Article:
Handedness and eye-dominance are undoubtedly associated statistically, although a previous meta-analysis has found that the precise relationship is difficult to explain, with about 35% of right-handers and 57% of left-handers being left eye dominant. Of particular difficulty to genetic or other models is that the proportions are distributed asymmetrically around 50%. The present study asked whether this complicated pattern of association occurred because, following Peters, it is necessary to divide right-and left-handers into consistent handers (who write and throw with the same hand) and inconsistent handers (who write and throw with opposite hands). In an analysis of 10,635 subjects from questionnaire studies, 28.8% of left-handers and 1.6% of right-handers by writing were inconsistent for throwing. Our results also showed that writing hand and throwing hand both relate independently to eyedness, that throwing hand is somewhat more strongly associated with eyedness, and that the awkward asymmetry around 50% is now removed, 24.2% of consistent right-handers being left eye dominant compared with 72.3% of consistent left-handers, and 55.4% of inconsistent right-handers compared with 47.0% of inconsistent left-handers. We conclude that eyedness is phenotypically secondary to writing and throwing handedness. In our discussion we note that eyedness runs in families, we present new data suggesting that writing hand and throwing hand are co-inherited, and we argue that further data are now required to model properly the associations of writing hand, throwing hand, and eyedness, as well as probably also footedness and language dominance.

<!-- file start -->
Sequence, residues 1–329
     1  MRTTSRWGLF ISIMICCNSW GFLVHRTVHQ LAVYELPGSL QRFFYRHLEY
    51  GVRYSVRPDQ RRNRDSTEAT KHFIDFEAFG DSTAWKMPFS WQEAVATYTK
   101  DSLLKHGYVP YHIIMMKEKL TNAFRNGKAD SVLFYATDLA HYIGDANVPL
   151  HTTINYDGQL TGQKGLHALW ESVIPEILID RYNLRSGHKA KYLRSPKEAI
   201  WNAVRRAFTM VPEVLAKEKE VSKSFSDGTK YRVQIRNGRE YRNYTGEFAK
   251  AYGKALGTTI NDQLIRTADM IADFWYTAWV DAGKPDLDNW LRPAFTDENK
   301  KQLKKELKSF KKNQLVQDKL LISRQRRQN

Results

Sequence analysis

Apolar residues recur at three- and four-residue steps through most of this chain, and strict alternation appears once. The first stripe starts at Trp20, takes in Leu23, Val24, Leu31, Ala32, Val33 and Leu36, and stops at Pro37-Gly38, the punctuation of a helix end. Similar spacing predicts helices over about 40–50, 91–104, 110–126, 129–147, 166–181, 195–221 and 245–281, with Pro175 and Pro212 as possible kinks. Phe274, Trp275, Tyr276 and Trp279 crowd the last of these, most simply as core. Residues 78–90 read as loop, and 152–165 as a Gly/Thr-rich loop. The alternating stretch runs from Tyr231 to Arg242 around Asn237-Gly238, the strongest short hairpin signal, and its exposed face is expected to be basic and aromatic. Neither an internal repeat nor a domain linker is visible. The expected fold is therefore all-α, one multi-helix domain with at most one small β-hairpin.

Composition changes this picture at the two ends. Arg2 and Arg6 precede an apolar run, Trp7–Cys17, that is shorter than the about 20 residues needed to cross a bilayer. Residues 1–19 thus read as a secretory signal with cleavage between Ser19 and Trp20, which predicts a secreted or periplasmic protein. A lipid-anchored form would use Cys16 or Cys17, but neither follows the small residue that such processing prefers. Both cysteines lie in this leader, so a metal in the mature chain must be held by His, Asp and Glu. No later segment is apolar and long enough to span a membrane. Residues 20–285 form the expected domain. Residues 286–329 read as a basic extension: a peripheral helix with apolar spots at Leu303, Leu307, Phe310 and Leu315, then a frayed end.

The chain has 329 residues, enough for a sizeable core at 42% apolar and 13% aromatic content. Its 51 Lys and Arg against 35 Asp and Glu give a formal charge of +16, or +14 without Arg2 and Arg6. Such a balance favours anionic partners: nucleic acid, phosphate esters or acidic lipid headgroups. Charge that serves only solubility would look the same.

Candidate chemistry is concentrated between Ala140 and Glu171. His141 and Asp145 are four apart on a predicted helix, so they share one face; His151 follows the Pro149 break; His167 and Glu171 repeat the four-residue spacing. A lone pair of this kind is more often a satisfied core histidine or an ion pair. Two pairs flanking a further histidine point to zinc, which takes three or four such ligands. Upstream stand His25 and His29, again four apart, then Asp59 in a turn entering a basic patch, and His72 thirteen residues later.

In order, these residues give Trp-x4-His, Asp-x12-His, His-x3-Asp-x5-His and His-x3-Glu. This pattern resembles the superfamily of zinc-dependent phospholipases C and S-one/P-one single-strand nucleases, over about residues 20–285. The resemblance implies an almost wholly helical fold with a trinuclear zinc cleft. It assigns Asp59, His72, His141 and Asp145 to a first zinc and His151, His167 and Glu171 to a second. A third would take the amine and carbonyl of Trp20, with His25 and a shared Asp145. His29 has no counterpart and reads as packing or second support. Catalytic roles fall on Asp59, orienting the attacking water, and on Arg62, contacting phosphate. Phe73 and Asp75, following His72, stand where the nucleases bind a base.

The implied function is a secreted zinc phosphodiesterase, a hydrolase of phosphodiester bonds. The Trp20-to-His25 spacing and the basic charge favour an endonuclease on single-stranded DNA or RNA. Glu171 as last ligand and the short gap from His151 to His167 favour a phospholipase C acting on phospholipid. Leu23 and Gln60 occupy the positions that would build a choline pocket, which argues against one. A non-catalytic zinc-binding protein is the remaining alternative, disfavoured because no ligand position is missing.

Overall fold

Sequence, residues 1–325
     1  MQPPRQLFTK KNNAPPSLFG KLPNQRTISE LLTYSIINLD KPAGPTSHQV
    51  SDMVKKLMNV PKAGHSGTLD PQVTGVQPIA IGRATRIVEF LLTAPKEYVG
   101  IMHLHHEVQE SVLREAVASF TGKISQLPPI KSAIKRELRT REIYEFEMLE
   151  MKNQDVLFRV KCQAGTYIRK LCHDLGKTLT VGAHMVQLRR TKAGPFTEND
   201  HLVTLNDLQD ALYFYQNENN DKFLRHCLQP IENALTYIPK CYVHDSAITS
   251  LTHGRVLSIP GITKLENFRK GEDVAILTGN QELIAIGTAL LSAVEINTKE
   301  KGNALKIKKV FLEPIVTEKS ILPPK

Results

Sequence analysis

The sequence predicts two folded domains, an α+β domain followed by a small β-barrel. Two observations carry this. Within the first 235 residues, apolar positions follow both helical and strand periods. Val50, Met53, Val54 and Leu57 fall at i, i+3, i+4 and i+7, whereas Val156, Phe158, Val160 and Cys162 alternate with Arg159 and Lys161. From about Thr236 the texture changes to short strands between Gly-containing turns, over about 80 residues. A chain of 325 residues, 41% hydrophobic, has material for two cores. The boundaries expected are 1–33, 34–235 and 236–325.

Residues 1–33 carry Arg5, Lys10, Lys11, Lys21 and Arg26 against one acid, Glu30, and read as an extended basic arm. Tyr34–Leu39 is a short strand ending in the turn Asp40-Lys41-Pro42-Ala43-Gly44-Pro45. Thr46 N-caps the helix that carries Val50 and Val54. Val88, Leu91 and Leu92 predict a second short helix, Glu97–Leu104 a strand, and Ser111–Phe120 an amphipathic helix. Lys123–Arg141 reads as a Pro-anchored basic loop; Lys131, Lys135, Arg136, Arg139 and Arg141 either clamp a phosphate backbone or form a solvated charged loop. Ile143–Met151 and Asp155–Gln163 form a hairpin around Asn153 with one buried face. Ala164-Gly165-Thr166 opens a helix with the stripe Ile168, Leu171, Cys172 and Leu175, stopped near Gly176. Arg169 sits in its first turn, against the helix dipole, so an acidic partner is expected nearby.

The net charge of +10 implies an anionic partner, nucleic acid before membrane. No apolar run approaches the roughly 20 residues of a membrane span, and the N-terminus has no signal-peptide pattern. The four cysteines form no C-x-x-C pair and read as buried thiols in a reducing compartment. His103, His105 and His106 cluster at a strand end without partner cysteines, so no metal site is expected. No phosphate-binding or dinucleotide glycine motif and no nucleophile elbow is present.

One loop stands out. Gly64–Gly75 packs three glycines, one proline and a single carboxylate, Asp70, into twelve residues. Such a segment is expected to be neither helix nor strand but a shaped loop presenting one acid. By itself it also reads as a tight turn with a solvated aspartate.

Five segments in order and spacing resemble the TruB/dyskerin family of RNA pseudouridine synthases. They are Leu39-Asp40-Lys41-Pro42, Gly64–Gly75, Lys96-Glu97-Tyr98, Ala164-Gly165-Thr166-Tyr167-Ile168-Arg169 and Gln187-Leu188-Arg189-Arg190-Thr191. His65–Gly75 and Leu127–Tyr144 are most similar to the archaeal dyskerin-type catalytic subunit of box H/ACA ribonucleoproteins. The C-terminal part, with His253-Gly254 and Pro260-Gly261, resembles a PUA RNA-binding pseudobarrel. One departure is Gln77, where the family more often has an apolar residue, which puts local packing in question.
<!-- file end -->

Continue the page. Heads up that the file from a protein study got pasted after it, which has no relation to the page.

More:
All Science Journal Classification (ASJC) codes
- Arts and Humanities (miscellaneous)